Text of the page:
This play involves a few points that have brought inconsistency to the offense lately. For one, this isn’t the first play in which Mahomes has exited the pocket early. There seems to be some distrust in the protection up front. It can be reflected by early exits like on this play. Teams have been forcing the Chiefs to drive the ball, intent on eliminating explosive, vertical plays. There seems to be some growing frustration and impatience with Mahomes not getting to go out and do some of the things he’s normalized. This beyond-risky throw into the middle of the field is one of a few overly aggressive throws like the interception last week.
Mahomes remains the best quarterback in the world, but there are some uncharacteristic things occurring right now. It’s not a reason to overreact, but there have definitely been some differences to the steady, dynamic presence he’s been. This week against New England will be a massive challenge for him in trusting his group up front and being willing to take what is given to him. Mistakes need to be at a minimum, and the performance against the Raiders likely won’t cut it in Foxborough.
This is what it looks like when Mahomes is delivering with confidence, on time and from the pocket.
Really like this throw from Mahomes. On time, in rhythm and perfectly placed. 3 step drop with a hitch and ball is out. Well timed, well executed. pic.twitter.com/EVtAuIdWp7— Kent Swanson (@kent_swanson) December 3, 2019
Even better throw here. Tight window between three defenders on a corner route to Kelce. Timing, touch, anticipation. Ball is out on time, beats stunt. pic.twitter.com/3YlYHY5U22— Kent Swanson (@kent_swanson) December 3, 2019
These throws to Hill and Travis Kelce are made at the top of his drop, in rhythm and well-placed.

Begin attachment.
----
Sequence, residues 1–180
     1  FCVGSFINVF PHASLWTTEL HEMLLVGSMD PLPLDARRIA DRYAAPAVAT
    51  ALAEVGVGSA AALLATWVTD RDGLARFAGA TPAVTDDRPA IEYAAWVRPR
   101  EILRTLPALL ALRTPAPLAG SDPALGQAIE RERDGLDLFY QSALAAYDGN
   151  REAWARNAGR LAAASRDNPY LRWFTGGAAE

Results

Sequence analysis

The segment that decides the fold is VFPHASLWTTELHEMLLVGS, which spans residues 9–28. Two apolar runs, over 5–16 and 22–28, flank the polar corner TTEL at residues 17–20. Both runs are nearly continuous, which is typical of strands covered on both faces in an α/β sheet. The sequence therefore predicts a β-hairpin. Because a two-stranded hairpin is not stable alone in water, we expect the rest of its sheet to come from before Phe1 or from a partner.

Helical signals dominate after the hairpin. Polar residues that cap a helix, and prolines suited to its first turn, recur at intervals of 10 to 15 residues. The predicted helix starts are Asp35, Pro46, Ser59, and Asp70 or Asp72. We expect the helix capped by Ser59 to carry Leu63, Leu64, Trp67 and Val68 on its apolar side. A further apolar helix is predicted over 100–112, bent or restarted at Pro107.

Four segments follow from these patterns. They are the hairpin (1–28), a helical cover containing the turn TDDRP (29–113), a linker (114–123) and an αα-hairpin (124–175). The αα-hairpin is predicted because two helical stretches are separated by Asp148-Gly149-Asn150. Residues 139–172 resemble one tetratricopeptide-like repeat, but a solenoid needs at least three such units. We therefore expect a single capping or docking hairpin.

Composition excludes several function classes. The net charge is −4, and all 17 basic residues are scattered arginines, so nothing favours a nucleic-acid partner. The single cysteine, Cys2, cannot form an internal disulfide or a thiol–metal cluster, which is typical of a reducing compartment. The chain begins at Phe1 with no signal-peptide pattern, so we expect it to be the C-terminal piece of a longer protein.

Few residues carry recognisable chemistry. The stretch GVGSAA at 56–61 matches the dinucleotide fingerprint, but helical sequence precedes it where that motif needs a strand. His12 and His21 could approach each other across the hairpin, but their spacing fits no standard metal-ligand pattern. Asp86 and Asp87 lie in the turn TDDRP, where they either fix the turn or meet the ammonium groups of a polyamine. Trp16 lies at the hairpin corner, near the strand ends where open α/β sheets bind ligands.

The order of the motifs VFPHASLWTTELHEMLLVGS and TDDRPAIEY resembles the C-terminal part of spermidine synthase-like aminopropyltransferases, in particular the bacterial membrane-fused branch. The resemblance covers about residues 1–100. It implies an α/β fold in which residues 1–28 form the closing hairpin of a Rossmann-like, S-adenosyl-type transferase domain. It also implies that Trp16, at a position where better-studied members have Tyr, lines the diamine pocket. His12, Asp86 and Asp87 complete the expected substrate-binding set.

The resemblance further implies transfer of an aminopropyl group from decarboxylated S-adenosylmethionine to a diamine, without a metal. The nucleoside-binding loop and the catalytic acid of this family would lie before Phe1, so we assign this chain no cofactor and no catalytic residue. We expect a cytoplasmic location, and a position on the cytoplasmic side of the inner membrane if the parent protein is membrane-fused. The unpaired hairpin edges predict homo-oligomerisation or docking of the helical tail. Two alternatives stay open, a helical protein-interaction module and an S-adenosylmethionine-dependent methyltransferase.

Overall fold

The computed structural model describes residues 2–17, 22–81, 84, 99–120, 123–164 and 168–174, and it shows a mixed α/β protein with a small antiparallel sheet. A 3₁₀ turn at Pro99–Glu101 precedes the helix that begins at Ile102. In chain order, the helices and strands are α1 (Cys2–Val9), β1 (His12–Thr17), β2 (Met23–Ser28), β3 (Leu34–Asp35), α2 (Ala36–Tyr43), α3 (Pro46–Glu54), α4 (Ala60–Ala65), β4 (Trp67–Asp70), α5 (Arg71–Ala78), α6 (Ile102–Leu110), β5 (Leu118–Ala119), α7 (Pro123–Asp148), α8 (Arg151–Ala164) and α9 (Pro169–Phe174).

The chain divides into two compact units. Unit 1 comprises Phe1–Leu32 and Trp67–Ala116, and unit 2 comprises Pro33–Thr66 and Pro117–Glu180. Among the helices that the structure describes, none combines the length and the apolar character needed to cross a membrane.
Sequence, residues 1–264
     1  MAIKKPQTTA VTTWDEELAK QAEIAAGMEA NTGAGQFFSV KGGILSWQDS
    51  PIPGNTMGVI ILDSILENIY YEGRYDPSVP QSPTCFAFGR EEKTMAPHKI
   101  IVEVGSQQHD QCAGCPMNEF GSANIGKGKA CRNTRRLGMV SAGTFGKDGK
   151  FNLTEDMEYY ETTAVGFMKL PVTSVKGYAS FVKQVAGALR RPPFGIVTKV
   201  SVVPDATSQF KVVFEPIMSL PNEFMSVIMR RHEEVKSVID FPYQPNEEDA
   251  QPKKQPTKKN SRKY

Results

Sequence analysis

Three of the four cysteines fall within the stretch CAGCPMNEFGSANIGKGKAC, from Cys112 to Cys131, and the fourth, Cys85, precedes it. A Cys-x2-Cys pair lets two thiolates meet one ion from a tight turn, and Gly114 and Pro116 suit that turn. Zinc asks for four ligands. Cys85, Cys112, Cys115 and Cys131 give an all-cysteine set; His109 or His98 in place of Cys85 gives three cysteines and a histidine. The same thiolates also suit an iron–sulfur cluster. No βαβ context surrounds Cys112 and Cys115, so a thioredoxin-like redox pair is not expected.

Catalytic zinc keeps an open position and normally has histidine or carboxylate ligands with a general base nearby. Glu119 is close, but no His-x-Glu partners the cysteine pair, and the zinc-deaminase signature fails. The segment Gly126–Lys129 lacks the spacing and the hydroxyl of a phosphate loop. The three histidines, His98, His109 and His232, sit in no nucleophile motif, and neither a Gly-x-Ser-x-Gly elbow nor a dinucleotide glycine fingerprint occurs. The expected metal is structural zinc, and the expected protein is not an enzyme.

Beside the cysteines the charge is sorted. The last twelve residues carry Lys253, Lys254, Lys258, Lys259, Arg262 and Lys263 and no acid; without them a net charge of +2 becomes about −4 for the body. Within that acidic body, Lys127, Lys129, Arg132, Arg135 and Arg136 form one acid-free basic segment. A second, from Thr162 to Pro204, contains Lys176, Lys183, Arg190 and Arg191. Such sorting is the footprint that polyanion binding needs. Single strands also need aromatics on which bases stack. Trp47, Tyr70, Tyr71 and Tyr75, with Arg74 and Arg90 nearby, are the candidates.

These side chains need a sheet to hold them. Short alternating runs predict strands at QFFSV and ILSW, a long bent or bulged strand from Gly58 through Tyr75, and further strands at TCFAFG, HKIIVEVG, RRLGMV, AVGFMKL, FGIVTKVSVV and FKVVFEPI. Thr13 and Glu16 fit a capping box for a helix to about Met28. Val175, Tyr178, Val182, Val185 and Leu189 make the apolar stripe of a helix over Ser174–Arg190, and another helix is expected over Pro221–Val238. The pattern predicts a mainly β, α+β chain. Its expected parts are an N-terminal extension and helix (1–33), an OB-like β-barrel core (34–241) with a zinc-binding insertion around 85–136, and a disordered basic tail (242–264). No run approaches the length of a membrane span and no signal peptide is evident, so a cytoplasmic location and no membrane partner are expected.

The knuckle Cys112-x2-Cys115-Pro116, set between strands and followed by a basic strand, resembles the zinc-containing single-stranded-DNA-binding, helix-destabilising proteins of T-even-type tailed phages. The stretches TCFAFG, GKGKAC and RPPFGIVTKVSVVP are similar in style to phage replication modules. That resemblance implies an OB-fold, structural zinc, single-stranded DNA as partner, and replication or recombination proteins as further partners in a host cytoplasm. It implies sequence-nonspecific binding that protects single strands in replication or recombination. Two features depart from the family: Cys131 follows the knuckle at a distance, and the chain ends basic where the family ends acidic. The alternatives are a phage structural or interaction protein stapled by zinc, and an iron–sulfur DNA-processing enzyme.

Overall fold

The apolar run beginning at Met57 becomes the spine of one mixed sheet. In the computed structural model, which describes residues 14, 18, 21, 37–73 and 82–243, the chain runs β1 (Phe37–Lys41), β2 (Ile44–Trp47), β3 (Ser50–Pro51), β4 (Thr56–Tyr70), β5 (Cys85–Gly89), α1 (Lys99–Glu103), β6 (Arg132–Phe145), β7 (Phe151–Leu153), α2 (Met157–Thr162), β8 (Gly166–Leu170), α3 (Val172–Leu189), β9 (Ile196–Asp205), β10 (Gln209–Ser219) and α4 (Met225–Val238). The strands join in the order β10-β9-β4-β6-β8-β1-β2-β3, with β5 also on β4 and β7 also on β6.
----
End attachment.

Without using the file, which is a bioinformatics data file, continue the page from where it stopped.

The Chiefs seemed to love throwing outside the numbers this week. These two throws are what the Chiefs want to see. Mahomes gets the ball out at the top of his drop on both these plays. The first one is a three-step drop with a hitch to Hill, who is perfectly led to the sideline. Just picture-perfect rhythm and delivery from the quarterback.
The second play might be an even better throw. The Chiefs are at their own goal line and the Raiders run a stunt up front. Mahomes calmly delivers the ball with anticipation and touch to Kelce between three defenders in a very tight window. He does throw this a little bit off his back foot. Not that this is a problem — but since coming back, Mahomes has seemed a little more timid stepping into throws from the pocket.
These aren’t easy throws, but Mahomes was excellent with both.
The bottom line
I’m not panicking in the slightest.
I believe Mahomes will get back to his standard, and this offense will start clicking on all cylinders soon. He’s going to be fine, this team will get back into a rhythm and can still turn all hopes into realities.
They face a massive test to their preparation and execution going up against the team that ended their season last year. The challenge could be coming at the perfect time.